Penile cancer can develop due to cells on or in the penis mutating, and without prompt treatment, this type of cancer can quickly spread into the surrounding tissues. The cause of penile cancer is not yet fully understood, but researchers believe there are some risk factors that can increase your chance of developing this type of cancer. These risk factors include smoking, having the human papillomavirus, having a weakened immune system and being in the elderly population category. Being aware of the signs of penile cancer can help ensure it's diagnosed early, so here's an overview of the signs and the treatment options available.
Signs Of Penile Cancer
Common early signs of penile cancer include a change in the colour or thickness of the skin covering the penis, swelling at the tip of the penis and the development of sores, which may look like small lesions with crusts. You may also develop a rash and a foul-smelling discharge. Abnormal growths can develop around the penis, and these tend to have a blueish hue to them. If you have any of these symptoms, don't panic. They can also be signs of an infection, so it's best to get a formal diagnosis before thinking the worst.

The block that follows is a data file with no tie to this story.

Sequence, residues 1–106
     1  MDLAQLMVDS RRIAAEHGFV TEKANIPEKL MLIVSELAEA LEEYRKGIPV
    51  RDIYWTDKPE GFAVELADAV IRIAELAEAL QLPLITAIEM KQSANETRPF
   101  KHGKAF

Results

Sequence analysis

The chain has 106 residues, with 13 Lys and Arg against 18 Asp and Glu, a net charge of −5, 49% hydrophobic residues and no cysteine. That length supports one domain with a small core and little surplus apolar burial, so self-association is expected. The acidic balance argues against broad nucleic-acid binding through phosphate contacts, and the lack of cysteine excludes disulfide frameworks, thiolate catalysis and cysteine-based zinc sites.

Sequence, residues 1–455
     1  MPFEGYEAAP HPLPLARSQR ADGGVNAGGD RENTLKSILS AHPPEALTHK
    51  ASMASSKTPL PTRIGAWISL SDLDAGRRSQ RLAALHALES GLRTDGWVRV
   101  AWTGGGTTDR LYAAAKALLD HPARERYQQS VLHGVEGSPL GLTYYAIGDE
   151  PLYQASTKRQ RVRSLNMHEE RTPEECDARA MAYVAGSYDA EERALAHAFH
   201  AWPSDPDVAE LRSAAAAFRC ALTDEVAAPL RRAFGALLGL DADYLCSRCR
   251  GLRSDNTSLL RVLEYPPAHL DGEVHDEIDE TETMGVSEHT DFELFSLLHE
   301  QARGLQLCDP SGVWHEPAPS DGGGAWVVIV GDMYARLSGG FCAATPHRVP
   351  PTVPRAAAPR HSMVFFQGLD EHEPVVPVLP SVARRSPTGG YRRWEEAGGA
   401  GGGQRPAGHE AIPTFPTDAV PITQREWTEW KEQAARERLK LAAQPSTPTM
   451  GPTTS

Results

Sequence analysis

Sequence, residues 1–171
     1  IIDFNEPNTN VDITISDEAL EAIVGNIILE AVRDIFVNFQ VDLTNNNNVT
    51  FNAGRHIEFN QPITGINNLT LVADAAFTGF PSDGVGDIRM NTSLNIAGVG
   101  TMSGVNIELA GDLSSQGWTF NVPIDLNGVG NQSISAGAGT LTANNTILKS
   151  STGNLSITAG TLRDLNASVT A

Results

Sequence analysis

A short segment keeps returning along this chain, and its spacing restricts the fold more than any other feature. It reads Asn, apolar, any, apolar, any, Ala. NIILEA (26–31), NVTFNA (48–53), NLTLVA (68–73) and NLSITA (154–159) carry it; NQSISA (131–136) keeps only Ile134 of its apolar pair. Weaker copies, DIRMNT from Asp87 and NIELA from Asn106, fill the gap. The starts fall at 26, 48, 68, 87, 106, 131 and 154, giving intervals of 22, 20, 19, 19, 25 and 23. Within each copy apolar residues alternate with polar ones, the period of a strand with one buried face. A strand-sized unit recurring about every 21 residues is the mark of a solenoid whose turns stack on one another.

Treating Penile Cancer
Penile cancer is diagnosed with a biopsy and diagnostic imaging to determine whether cancerous cells have spread to other parts of your body. Once diagnosed, your doctor will outline their treatment recommendation. If penile cancer is diagnosed early and there are no signs of it spreading, it can be treated with cryotherapy, which uses liquid nitrogen to freeze the affected tissue and destroy the cancerous cells. If cancerous cells are only present on your foreskin, circumcision can be an effective treatment. When cancerous cells are found in several layers of the skin covering your penis, surgery to remove the affected layers of skin may be necessary. When cancerous cells are found deep within your penis, some of or all of your penis may need to be surgically removed. When cancerous cells are found in the surrounding tissues, chemotherapy or radiation therapy will be required.
The thought of talking to your doctor about the health of your penis may fill you with dread, but don't let a little embarrassment get in the way of you getting a formal diagnosis and accessing potentially life-saving treatment. If you have any of the signs of penile cancer, speak to your men's health doctor right away.